Polar bears also have an impact on the economy.  “Sport hunters pay up to $30,000 for the chance to bag a bear. Inuit hunters can get up to $400 a metre for bear hide” (Rennie).  In addition, many communities rely on polar bears for economic benefits.  Churchill, Manitoba, in Northern Canada refers to themselves as “Polar bear capital of the world.”  Churchill relies on polar bears as a tourist attraction that brings thousands of people per year into the small town (Rennie).  When people come into town for a chance to see polar bears up close, they spend a lot of money around town and helps local businesses.  With the polar bear population decreasing, towns such as Churchill are in danger of losing valuable profits from the bears.  This will have extreme negative economic impacts to the city of Churchill as well as other places in Northern Canada which is home to about two-thirds of the world’s 25,000 polar bears (Rennie).

Another topic from the class that can be tied to the issue of polar bears and climate change is that of environmental ethics, namely the land ethic described by Aldo Leopold. In this line of thinking, actions taken by humans are good considered good actions if they further benefit the wellbeing of an ecosystem, and they are considered bad actions when they degrade the health of the ecosystem (Peppler). This applies directly to polar bears and climate because our decisions and actions have a very direct affect on the wellbeing of the polar bears, whose existence is strongly tied to the wellbeing of the whole ecosystem through trophic levels. They are the predators, which is an extremely vital role in any ecosystem that keeps it balanced. Leopold’s thinking also relates to this issue by addresses the “moral extensionism” with which this ethic encourages us to view our surroundings (Peppler). We must consider the polar bears as individual beings with the ability to suffer. It is not their choice to go extinct. They are fighting for survival. It is however our choices that are harming them, and consequently, their whole ecosystem.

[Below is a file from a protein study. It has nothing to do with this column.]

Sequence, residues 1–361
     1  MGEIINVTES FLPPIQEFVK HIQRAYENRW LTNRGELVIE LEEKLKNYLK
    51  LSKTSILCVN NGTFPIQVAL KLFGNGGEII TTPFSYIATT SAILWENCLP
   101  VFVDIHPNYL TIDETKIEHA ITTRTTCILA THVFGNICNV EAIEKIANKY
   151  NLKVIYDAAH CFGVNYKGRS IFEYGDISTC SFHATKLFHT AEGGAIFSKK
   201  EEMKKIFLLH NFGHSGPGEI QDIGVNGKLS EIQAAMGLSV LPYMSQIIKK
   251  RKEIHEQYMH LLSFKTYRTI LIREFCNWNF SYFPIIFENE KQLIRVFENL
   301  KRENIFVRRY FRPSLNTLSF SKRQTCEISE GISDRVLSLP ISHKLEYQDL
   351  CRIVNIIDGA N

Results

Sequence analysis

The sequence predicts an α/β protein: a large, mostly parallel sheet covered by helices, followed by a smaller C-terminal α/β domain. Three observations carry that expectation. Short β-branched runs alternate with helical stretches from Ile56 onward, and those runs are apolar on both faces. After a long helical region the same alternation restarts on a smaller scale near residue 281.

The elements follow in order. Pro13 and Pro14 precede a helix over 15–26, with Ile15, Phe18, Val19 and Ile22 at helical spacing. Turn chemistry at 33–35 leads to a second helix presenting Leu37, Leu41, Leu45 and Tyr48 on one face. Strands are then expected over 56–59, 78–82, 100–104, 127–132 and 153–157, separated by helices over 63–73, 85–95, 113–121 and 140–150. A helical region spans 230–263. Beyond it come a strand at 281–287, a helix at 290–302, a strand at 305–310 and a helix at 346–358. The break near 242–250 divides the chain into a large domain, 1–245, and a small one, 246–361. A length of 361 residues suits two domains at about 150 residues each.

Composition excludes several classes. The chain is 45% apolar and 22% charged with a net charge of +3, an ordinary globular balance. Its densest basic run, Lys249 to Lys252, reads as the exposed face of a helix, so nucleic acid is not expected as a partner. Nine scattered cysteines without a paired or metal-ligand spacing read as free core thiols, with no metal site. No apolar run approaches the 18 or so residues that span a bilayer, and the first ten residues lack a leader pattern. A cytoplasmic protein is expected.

In conclusion, action is needed to be taken to slow the impact of climate change on polar ice caps.  This change is harming polar bear habitats and is unsustainable in regards to both bear and human populations.  Action is being taken by many organizations and there is still a chance to reverse course before it is too late.  Many economies benefit off polar bears and their extinction will cause an enormous blow to many communities that have relied on polar bears for generations. We must consider what is best not only for us, but also for the polar bears.

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Mason, John. “The Last Time Carbon Dioxide Concentrations Were around 400ppm: A Snapshot from Arctic Siberia.” Skeptical Science. N.p., 14 May 2013. Web. 03 Apr. 2017.

“What WWF Is Doing for Polar Bears” WWF. N.p., n.d. Web. 04 Apr. 2017.

“Global Warming and Polar Bears.” National Wildlife Federation. N.p., n.d. Web. 04 Apr. 2017.

Rennie, Steve. “Feds Studying Economic Benefit of Polar Bears.” The Globe and Mail. Ottawa — The Globe and Mail, 23 Aug. 2012. Web. 05 Apr. 2017.

Peppler, Randy. “Chapter 5 – Environmental Ethics”. Lecture. 2017


One thought on “Bears Can’t Sustain Themselves

  1. randypeppler April 16, 2017 / 9:51 pm

    Here you relate the plight of the bears to the questions of sustainability related to warming and loss of sea ice, and environmental ethics of decision making in regard to them. It is interesting that polar bear tourism exists – didn’t know that.